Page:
Tuesday, December 7, 2010

2nd grade boyfriends & the lasting love of girlfriends

In second grade, I got my first real boyfriend. I’ll never forget how it felt to have the cutest boy in my class want to be called my boyfriend.
His name was Michael. He wasn’t just the cutest boy in my class; he was the cutest boy in second grade. He told me how much he liked me and that he wanted to be my boyfriend.
“But your Jessie’s boyfriend,” I told him.
“Well I’m gonna dump her,” he assured me. I smiled and ran to tell my best friend Jessica.

But we were all kind of friends in the second grade. I mean when it came down to it, we all played together on the playground, and we all went to each other’s birthday parties - that’s what a friend was in second grade.

It all went down when Michael dumped Jessie in class one day.

I remember they were standing in line to wash their hands at the classroom sink, and I saw him tap her on the shoulder. I’ll never forget the look she gave me. It was one of those mature, hand on the hip, head-bobbing-evil-eye looks that a second grader should not know how to give. After that, I had no girl friends in second grade. Jessie turned all the girls against me. It was just me and Michael against the world.

Michael and I became best friends. We would climb trees, swim, and jump on the trampoline together. It was true love.
He was even my first kiss (that wasn't initiated by my parents). But as time went on, we started drifting a part.

This was one of my birthday parties, 3rd or 4th grade. Michael is on the left in his blue shirt, I'm on the right in my pink shorts. We had a lot in common - style, obviously being one.
I think it all finally ended in 5th grade. I didn’t have a birthday party that summer, so when school came back around, Michael ignored me thinking I didn't invite him to my birthday party. And he even went so low as to not invite me to his birthday party. It. Felt. Terrible.
So in fifth grade I was a chubby little girl with a broken heart, surrounded by the same girls I left for a guy in second grade. Luckily, they were there for me. We became best friends and grew to have our own little clique that every girl in the fifth grade tried desperately to join. But we were selective. We got in fights, and barely stayed in touch over the summer, but every year it was like a new beginning with these girls. Instead of them just ignoring me at the beginning of each year like Michael did, they gave me excited hugs and told me all about their summer.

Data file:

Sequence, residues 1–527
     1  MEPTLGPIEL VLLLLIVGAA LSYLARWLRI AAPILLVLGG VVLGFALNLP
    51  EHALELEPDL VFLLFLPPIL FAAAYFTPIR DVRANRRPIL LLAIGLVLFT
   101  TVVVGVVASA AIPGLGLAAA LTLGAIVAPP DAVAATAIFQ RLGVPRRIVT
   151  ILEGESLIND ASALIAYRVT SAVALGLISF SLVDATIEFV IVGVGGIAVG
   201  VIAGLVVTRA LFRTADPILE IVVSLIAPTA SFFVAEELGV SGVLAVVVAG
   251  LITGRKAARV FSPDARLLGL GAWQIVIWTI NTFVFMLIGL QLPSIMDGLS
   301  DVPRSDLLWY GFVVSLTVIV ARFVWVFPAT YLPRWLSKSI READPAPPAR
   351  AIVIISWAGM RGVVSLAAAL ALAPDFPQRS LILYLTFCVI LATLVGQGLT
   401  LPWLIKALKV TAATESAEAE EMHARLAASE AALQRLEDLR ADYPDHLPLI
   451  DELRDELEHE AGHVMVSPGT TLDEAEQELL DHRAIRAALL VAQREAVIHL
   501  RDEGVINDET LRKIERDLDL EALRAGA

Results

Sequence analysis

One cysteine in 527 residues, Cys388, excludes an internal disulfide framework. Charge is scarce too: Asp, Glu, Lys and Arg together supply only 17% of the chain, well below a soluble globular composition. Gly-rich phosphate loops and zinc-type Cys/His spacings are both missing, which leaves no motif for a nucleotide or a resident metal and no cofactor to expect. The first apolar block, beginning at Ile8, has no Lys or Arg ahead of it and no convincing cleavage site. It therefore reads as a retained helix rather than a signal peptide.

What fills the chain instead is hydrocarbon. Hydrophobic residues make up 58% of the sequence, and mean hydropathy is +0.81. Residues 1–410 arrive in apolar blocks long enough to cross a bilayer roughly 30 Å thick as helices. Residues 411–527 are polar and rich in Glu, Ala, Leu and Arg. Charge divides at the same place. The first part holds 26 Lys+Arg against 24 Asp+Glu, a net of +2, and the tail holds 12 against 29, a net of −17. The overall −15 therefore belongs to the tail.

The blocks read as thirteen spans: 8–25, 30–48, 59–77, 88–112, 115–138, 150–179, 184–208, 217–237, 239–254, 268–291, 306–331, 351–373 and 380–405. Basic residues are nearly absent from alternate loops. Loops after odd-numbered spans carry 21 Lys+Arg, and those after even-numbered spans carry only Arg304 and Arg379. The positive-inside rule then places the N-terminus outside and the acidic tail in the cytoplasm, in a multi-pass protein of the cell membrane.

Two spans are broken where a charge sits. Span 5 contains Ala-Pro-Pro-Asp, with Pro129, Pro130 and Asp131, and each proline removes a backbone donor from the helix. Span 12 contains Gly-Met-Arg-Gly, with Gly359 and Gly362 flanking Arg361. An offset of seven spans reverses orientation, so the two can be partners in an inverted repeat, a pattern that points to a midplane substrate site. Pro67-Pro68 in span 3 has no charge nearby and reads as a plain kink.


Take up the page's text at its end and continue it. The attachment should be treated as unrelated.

We were friends until high school, when I had to switch schools and towns. Just as it had always been, we didn’t keep in touch. New school, New beginning, No cell phone. I made whole new friends. But the philosophy I learned during my time at that school stayed with me through high school. And that philosophy is this:
When you form a bond with a guy, it can be broken. With unspoken words, wrongful actions or constant arguments, somebody will turn away from the bond. But when two girls bond as friends, it is next to impossible to break that bond. Unspoken words tend to be heard, wrongful actions are greeted with forgiveness, and constant arguments are forgotten, as the bond just grows stronger.
This is why I surround myself with friends and I'm not too keen on relationships. I learned early not to leave your friends for some guy. So now there is no more wondering where my pessimistic viewpoint on relationships came from. Second grade. lol It is amazing what an effect a girls childhood will have on the rest of her life.


Poof said...

I love this story and how well you portray growing up.

avatarlady said...

LOL Enjoyed it!

Victoria said...

I can't believe you had an actual love life in second grade! Don't get me wrong, good for you, but the only boy in my life at that time was
Karlsson on the Roof... That might have had something to do with the fact, that I was the nerdy girl with glasses, who constantly corrected people, though.